1.2: Purpose and intention of these rules
4.31: Application to deal with delay
4.33: Dismissal for long delay

Case Summary

The Court considered an Application by the Defendant/Applicant, Roteliuk, to dismiss an Action commenced by her late father, the Plaintiff/Respondent, Dobransky. Dobransky filed the Action following a dispute between he and Roteliuk regarding a parcel of land. Dobransky had transferred ownership of the land to himself and to Roteliuk as joint tenants in 1984, but then took steps in 2007 to sever the joint tenancy and declare that Roteliuk held the land in trust for Dobransky. Roteliuk responded by seeking a declaration that the land transfer was an inter vivos gift to her including an irrevocable right of survivorship.

An Order was granted by a Justice in 2010 severing the joint tenancy and directing the issues in dispute regarding the land to litigation. Dobransky filed a Statement of Claim in July of 2010 and Roteliuk filed a Statement of Defence in October of 2010. Roteliuk was questioned in October of 2011 but no further Questioning had occurred and no Affidavits of Records were filed or exchanged.

The Court Order severing the joint tenancy was never successfully registered at Land Titles despite several attempts. However, in September of 2014, the Executor of Dobransky’s Estate filed a Caveat claiming an interest in the land following his death. In August 2017, Roteliuk brought this Application to dismiss Dobransky’s Action for delay and to discharge the Caveat. In January of 2018, the Executor of Dobransky’s Estate also brought an Application to dismiss the Application for delay and to enforce the unregistered Court Order.

The Court started by confirming that the delay Rules, like all of the Rules, must be interpreted in the context of Rule 1.2, which states that the purpose of the Rules is to provide a fair, timely, and cost-effective way to resolve claims. The Court then considered whether Dobransky’s Action could be dismissed for long delay pursuant to Rule 4.33.

The Court confirmed that Rule 4.33 is mandatory in nature: an Action will be dismissed if three years have passed without a significant advance in the Action. Making this determination requires a “functional approach” whereby the Court evaluates the substance of a step taken by the parties to determine whether it significantly advanced an Action. The Court ruled that three years or more had passed since the last significant advance in the Action. The last significant advance in the Action was the Questioning of Roteliuk in October of 2011. The subsequent activities on the file including unsuccessful attempts to file a Court Order, the filing of a Caveat to preserve an interest, changes in counsel, and fruitless settlement negotiations did not significantly advance the Action in the view of the Court.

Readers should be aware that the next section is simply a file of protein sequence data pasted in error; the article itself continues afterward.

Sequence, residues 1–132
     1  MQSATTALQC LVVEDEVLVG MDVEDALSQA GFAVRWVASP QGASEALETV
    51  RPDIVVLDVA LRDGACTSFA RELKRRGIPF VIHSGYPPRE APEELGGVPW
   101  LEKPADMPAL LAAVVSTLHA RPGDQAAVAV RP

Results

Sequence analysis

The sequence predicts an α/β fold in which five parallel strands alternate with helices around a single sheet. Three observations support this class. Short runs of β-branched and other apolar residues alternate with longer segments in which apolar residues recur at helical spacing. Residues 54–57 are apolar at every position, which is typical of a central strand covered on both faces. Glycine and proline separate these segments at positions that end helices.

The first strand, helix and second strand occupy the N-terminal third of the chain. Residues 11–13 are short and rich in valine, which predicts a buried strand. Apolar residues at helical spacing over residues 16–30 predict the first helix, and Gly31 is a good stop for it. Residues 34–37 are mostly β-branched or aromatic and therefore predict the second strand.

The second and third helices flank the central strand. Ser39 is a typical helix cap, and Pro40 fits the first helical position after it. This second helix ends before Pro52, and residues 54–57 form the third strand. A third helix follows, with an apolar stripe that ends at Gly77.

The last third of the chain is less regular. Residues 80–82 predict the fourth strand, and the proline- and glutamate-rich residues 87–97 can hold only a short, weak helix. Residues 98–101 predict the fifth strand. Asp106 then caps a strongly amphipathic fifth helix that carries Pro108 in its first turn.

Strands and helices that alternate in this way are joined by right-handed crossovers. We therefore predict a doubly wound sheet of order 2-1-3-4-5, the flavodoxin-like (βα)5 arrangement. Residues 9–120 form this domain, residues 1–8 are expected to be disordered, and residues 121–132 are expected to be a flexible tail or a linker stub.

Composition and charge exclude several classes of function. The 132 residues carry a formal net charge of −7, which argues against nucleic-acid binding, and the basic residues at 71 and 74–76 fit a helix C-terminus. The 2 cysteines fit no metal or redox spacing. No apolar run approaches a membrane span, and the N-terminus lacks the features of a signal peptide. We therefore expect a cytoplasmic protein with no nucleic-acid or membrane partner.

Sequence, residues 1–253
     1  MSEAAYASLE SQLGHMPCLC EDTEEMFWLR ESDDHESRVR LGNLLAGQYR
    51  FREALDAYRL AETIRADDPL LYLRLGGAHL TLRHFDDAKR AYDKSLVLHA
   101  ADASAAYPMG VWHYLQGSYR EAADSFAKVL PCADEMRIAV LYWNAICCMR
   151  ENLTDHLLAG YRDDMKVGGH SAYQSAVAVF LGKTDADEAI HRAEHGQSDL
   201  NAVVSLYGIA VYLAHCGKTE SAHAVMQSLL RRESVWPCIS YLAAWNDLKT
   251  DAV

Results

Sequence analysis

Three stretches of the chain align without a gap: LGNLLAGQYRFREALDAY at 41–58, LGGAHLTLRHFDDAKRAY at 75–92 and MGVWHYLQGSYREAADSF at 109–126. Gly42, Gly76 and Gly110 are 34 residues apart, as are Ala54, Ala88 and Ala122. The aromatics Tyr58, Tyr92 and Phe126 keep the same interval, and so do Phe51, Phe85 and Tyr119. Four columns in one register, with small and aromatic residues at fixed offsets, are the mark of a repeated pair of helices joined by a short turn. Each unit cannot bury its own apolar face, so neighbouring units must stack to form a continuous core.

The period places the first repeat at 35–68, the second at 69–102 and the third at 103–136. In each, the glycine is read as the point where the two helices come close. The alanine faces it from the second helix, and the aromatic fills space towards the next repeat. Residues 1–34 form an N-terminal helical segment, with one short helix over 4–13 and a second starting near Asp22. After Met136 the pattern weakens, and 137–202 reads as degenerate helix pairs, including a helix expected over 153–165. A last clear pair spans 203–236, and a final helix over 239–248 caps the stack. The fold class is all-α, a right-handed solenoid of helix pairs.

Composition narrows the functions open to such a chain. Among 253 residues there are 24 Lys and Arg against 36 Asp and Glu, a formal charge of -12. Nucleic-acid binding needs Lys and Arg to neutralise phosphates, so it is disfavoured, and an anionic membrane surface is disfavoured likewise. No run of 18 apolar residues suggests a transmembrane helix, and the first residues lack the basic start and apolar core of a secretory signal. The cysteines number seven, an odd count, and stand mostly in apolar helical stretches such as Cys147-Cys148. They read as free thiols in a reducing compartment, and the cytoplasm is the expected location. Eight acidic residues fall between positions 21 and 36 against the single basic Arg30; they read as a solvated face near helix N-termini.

The Court also considered whether the Action could be dismissed under Rule 4.31 in case that its analysis of Rule 4.33 was incorrect. The Court has discretion to dismiss an Action under Rule 4.33 if the delay caused significant prejudice to a party. The Court then assessed the six factors articulated in the leading case of Humphreys v Trebilcock, 2017 ABCA 116.

The delay in this case was clearly unreasonable. The Action was commenced in 2010 with the Questioning of only one party completed and the other party now dead. Clearly this delay qualified as “inordinate” and no reasonable excuse had been provided for it. As such, there was a presumption of prejudice. On this point the Court added that, despite the presumption of prejudice, there was also tangible evidence that Roteliuk had suffered prejudice as a result of the delay. The Plaintiff had not been questioned and was now dead.

The Court ruled that the Action could also be dismissed for delay pursuant to Rule 4.31. Bokenfohr J. concluded by assessing the fate of a Counterclaim within the Action. The Court noted that Rules 4.31 and 4.33 are silent about Counterclaims. Therefore, the Court’s inherent jurisdiction is engaged giving the Court the discretion as to the appropriate remedy. As the Counterclaim stemmed from the same factual matrix, and given the delay on both sides, Bokenfohr J. ruled that the Counterclaim was also dismissed.

The parties were directed to provide written submissions on Costs within 30 days if they could not agree.

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